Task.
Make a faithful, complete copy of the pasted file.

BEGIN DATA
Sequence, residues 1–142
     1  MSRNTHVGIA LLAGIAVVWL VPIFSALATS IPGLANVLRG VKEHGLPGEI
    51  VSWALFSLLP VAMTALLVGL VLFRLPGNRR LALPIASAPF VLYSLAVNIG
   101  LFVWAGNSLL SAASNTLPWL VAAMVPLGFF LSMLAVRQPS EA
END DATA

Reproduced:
Sequence, residues 1–142
     1  MSRNTHVGIA LLAGIAVVWL VPIFSALATS IPGLANVLRG VKEHGLPGEI
    51  VSWALFSLLP VAMTALLVGL VLFRLPGNRR LALPIASAPF VLYSLAVNIG
   101  LFVWAGNSLL SAASNTLPWL VAAMVPLGFF LSMLAVRQPS EA